Have you ever found yourself driving on the highway, and you’re going along at a pretty good clip? Maybe you’re not quite staying south of the posted speed limit, but you’re not being reckless, either. And then all of sudden, someone blows by you on your left, enough to sweep a few loose hairs off your head had your window been open. Soon, they’re a distant memory up ahead.
You might find yourself a bit affronted. Wasn’t I going fast enough? Who does she think she is, Miss Speedy Pants?? I hope there’s a cop up there waiting for her!
As quickly as your feathers ruffled up, they settle back down, and your mind drifts off onto other things, like what was said at that meeting at work yesterday or what you’re going to have for dinner tonight.
And then, you start speeding up.
Just a little. Almost imperceptibly. But you do it. Maybe a couple of miles an hour faster. You get used to it. And then maybe a little more. You’re passing other drivers, but a few still manage to outpace you. It must be okay, right? Everyone’s going fast, but it doesn’t seem dangerous. Traffic’s flowing nicely. So, you keep on speeding. Nobody appears to be getting into trouble. It seems safe. You might even have a radar detector operating to keep things from getting out of hand.
Or, what you’re doing is not conscious or deliberate. You just do it because everyone else is, and you’re not even aware of it. Or maybe you feel socially pressured and don’t want to hold everyone else up.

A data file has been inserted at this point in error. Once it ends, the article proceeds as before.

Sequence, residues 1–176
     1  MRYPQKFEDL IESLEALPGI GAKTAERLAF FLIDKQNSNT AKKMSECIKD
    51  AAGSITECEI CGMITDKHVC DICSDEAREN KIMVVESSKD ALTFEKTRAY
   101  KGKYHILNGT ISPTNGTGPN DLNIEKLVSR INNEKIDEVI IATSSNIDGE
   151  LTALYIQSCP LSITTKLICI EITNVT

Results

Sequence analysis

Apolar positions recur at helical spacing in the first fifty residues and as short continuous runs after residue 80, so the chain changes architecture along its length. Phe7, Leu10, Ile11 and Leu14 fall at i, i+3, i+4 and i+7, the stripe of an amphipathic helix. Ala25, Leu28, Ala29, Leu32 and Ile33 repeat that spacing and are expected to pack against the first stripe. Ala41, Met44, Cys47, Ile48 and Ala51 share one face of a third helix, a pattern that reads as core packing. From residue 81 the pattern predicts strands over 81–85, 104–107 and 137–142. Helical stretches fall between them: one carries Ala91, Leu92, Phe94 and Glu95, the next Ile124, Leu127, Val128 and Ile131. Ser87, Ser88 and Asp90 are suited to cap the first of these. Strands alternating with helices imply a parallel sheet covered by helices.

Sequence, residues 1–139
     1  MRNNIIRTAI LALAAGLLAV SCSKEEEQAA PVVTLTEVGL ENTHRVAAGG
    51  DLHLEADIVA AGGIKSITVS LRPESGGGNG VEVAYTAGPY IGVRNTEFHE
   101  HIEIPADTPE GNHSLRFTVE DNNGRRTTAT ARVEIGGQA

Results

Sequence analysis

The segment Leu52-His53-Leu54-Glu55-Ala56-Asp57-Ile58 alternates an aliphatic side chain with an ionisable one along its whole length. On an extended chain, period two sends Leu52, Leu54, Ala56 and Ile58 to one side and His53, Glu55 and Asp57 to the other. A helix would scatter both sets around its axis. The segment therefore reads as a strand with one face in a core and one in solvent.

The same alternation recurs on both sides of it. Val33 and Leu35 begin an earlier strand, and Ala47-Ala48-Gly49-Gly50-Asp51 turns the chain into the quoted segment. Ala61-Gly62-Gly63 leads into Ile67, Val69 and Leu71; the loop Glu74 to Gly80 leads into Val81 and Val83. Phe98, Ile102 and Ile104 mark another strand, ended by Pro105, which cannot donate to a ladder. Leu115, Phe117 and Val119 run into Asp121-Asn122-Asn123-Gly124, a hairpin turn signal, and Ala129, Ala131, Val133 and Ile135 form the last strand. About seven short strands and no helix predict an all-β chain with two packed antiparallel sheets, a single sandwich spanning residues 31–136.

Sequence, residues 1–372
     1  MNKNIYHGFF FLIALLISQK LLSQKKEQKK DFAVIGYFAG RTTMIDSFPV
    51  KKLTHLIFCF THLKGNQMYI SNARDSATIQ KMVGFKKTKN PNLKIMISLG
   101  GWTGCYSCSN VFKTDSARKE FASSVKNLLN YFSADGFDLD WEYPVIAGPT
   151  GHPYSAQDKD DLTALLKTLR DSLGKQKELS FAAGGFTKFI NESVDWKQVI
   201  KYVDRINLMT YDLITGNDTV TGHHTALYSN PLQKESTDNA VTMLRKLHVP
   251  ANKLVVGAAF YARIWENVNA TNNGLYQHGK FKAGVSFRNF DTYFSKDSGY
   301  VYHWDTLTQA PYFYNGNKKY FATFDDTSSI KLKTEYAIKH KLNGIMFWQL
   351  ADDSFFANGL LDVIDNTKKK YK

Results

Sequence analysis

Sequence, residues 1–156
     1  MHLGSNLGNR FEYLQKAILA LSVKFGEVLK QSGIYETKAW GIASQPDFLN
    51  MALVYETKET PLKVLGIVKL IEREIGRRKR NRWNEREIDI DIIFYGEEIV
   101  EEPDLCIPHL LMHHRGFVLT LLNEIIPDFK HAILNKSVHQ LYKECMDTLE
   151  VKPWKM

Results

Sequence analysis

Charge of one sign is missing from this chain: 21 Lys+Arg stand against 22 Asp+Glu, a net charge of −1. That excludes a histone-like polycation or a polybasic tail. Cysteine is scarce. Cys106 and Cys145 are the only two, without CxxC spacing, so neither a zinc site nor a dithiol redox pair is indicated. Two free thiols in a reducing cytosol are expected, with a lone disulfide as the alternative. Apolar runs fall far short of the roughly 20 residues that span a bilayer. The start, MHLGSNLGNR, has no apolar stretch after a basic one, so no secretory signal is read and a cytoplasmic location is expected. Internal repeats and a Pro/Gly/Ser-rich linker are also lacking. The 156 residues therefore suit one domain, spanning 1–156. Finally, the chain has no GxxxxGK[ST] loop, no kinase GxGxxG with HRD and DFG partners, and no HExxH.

Congratulations! You’ve just been emboldened. And, you just normalized a new bad habit, and now you might be encouraging others to indulge in that same risky behavior.
We’re an incredibly social species. Our very survival has depended on it, evolutionarily speaking. We may like to think we act with completely independent thought and action, but we emulate and respond to the cues others around us transmit far more than we think. And that sometimes means copying others, whether we’re aware of it or not.
Not only that, but numerous social science studies have shown that even if our innate threshold for certain types of risk or controversial behavior is low, in certain situations, we’re much more likely to engage in them if we spend time around those who are influencing us toward that kind of thinking and action. By its very physical nature, traffic lends itself to herd thinking and being.
Our vehicles also make perfect emboldenment capsules, as it were. Rude, aggressive driving and road rage thrive partly because our pods give us anonymity. Unless it’s our neighbor, we’re not likely to ever see a specific road user again, so we feel safer in behaving badly and then fleeing the scene like mucky cowards.
Besides speeding, what are other forms of negative emboldenment on the road? Tailgating, honking, running red lights, hanging out in the left lane instead of letting others pass, street racing, hooning, being distracted by electronic devices, and driving while intoxicated with drugs or alcohol, to name a few. If enough of this takes place in a given space over time without tangible consequences, the more likely we are to absorb an unspoken message repeated in a thousand little ways that this is tolerable and acceptable. Our social inhibitions loosen just a little more, repeating the cycle and unwittingly infecting others.